According to the Global Innovation Index 2016 for the most innovative economies in the world, launched by the World Intellectual Property Organization (WIPO), Brazil occupies the 69th position among the 128 countries assessed. Strategies are being formulated by the Ministry of Science, Technology, Innovations and Communications for Brazil is more prosperous, and the target set by the National Strategy for Science, Technology and Innovation is that, by 2019, the volume destined for science, technology and innovation reaches 2% of gross domestic product.

The decree in question presents a first step to reduce bureaucracy in scientific research based on Brazilian genetic heritage

Indeed, Brazil has an enormous potential for technological development and innovation through the sustainable use of its immeasurable biodiversity. However, there is clearly an inconsistency regarding productivity versus the number of patent application filings with respect to envied Brazilian biotechnological potential. Justifications for this fact reportedly include: the delay in patent application analysis and subsequent granting of patents by the National Institute of Industrial Property, the high bureaucracy in the processes, the decrease in R&D, the lack of incentive and focus on innovation and a policy of economic protectionism.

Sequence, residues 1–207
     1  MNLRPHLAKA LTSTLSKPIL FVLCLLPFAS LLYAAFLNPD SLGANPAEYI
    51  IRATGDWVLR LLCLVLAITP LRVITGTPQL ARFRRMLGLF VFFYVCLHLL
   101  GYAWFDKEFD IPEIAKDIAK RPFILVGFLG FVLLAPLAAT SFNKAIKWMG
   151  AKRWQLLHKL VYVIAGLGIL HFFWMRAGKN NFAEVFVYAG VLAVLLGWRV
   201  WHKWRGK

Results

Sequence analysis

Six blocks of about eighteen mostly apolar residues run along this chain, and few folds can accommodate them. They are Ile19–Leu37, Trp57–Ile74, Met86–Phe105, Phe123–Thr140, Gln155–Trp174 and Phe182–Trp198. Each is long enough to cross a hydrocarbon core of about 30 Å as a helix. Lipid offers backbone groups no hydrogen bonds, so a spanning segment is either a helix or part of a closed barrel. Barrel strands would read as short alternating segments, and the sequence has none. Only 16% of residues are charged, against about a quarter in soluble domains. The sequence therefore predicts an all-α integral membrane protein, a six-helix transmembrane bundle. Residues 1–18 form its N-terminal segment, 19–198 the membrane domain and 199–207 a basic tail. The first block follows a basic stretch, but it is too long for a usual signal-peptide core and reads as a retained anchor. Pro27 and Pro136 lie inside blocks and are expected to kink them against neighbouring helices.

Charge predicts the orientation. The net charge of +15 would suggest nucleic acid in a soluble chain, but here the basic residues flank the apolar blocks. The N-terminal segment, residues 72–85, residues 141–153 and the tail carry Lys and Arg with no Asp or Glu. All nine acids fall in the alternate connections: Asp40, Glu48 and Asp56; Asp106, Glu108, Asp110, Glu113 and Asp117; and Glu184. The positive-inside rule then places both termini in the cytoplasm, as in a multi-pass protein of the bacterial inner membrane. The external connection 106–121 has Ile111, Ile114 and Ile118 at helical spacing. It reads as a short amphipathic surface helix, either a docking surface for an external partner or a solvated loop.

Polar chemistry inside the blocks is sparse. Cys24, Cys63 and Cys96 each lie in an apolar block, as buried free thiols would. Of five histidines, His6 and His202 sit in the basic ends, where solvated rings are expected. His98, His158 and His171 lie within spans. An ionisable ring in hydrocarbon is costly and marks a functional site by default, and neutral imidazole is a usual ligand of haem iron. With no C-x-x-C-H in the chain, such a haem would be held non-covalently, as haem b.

The decree in question presents a first step to reduce bureaucracy in scientific research based on Brazilian genetic heritage. Therefore, researchers can regularize their researches and advance the technological development processes that may lead to innovations in the areas of biotechnology, pharmaceuticals and chemistry. It is expected that the new decree of the Biodiversity Law will faciliate R&D activities. The path is being travelled and the practical application of the new legal framework will reveal if the decree's measures are indeed friendly prospects for innovation in Brazil.